1/4 cup amaranth flour (or replace with more barley flour)

procedure

Preheat the oven at 180C.
Mix the flours with baking soda and baking powders. Add salt and sieve the flours to mix everything well. Add chopped walnuts, chocolate chips and raisin to the flour mix and keep aside.
Whip a smoothie with bananas, yogurt, honey, melted butter and flax meal.
Now pour the smoothie into the flour slowly and mix lightly using your hands till the mixture forms a thick batter or a very loose dough.
Slide this into a greased loaf pan and sprinkle all the sunflower seeds evenly over the loaf. Press the seeds with your fingers so they get embedded well.
Bake for about 45 minutes or till a skewer comes out clean.
Invert the loaf pan onto a wooden board and let the bread cool down before slicing.


This nutty banana bread is a light textured breakfast bread and tastes really good with either fruit juice or milk. Isn't it an easy recipe? You just make a smoothie, mix the flours and nuts and mix them both to make a loose dough and bake a bread.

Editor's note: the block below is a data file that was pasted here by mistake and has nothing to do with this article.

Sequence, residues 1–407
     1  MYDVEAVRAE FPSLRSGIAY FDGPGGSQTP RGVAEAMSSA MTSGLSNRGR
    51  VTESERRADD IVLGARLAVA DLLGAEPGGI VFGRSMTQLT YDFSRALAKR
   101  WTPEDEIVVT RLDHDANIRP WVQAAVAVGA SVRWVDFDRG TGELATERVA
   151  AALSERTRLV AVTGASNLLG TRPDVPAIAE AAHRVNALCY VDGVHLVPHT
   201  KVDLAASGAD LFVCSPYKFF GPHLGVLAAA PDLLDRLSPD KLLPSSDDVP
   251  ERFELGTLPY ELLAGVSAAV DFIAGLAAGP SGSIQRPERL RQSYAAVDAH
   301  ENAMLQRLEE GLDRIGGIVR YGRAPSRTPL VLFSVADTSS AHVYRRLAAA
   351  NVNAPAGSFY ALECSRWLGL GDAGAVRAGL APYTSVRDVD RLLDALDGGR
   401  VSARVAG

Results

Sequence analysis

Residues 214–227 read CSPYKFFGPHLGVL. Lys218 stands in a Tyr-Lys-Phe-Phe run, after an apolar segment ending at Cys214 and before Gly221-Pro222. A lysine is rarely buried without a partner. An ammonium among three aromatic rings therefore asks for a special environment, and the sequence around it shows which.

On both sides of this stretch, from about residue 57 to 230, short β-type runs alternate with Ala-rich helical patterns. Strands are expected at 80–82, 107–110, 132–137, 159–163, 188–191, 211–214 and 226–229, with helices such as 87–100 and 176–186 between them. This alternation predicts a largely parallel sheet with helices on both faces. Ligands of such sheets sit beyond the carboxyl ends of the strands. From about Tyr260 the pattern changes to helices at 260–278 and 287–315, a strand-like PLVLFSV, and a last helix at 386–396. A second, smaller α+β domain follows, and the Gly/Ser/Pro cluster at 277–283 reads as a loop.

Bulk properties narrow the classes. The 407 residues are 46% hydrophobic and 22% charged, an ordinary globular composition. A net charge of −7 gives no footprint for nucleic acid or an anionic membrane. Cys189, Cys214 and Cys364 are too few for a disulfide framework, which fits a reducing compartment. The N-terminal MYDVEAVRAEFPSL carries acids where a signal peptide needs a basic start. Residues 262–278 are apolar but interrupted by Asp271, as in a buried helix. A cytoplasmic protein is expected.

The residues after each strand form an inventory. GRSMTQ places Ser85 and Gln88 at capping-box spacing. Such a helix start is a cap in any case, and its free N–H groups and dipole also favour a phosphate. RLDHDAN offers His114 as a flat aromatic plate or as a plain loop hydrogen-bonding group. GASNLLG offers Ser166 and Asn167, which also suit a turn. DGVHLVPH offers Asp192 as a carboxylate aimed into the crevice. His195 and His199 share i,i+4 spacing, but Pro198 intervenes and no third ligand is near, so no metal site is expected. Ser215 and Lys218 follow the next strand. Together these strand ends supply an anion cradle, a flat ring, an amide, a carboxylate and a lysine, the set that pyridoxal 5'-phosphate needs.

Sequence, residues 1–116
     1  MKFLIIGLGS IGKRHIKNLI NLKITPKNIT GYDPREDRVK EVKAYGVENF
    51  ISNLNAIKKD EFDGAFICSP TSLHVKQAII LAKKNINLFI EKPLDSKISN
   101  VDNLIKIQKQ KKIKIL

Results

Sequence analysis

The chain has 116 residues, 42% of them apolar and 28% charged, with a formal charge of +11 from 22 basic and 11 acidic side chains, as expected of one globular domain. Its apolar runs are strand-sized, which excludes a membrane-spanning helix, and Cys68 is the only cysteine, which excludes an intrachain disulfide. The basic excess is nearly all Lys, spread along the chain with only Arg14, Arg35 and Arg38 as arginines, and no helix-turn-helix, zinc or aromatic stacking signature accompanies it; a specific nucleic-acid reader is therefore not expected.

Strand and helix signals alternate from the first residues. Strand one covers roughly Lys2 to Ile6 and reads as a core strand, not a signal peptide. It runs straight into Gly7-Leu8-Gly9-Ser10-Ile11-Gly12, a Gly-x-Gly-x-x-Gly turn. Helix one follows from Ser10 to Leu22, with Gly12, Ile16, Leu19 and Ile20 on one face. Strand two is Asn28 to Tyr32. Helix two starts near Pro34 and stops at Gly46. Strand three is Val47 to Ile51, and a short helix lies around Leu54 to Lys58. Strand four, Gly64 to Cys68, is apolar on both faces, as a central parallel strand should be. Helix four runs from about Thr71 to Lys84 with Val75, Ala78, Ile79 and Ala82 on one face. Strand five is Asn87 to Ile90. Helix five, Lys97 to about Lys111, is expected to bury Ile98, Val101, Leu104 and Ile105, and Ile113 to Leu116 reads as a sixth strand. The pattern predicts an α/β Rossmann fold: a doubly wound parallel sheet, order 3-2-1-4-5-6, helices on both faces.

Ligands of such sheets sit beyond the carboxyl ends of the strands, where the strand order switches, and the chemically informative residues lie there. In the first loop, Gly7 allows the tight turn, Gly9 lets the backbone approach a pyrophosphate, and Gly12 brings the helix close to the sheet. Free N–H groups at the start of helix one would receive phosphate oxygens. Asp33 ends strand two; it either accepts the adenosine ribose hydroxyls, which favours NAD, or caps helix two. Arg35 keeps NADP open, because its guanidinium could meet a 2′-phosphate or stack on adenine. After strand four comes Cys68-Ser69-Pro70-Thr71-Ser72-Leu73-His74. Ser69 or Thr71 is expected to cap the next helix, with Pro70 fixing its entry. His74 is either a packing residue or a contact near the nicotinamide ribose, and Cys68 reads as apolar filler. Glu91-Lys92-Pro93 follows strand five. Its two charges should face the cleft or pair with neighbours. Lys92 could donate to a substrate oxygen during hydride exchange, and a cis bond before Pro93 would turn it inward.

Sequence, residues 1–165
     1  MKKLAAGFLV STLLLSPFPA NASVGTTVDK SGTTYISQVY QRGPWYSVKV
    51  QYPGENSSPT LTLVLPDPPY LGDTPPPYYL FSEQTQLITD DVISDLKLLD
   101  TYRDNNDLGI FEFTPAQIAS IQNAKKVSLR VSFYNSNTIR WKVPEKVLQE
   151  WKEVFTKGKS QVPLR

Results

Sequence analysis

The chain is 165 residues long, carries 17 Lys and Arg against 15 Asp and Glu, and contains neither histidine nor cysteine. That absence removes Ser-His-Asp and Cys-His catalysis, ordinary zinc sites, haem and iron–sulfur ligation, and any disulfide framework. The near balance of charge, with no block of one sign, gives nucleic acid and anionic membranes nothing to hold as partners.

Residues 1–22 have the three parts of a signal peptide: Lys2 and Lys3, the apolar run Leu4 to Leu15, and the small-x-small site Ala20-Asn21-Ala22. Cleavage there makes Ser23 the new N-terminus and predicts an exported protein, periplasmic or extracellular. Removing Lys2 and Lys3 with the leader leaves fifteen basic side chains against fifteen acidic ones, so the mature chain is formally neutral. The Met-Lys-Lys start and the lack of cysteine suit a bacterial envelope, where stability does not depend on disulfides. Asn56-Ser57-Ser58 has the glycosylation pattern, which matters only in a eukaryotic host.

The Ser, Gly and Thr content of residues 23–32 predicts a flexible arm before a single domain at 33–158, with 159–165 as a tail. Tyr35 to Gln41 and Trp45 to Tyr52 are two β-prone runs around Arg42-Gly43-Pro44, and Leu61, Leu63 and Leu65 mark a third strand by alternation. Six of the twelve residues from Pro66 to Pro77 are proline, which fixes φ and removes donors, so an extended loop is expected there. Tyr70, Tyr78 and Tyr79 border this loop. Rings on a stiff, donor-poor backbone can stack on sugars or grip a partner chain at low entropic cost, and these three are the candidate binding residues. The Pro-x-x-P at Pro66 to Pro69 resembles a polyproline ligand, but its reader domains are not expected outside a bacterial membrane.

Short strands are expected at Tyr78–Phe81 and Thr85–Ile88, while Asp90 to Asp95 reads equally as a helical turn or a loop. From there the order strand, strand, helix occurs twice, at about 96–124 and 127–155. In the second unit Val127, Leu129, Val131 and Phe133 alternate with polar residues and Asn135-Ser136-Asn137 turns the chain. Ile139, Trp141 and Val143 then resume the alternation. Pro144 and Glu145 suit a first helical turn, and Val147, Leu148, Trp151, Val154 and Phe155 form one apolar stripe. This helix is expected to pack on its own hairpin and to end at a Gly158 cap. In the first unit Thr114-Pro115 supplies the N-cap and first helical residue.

Do let me know if this detailed post was helpful in understanding whole wheat and mixed flour (multi grain) breads. Never add gluten or dough conditioners to your home baked breads. You deserve better quality when you are putting your own elbow grease to it.

Remember that bread baking is therapeutic whatever flours you use. Baking with whole wheat and millet flours makes it healthier for the family.

And the last but the most important tip that I would share or rather urge you to follow is, please don't compare your home baked breads to the white sliced breads available in commercial bakeries. You deserve better than that industrial product and that is why you are thinking about home baking. Enjoy the wholesomeness, the artisan quality and the wholesome nutrition that home baked bread brings to your table..

10 comments:

  1. Thank you Sangeeta for such an informative article. Will be trying out all of these.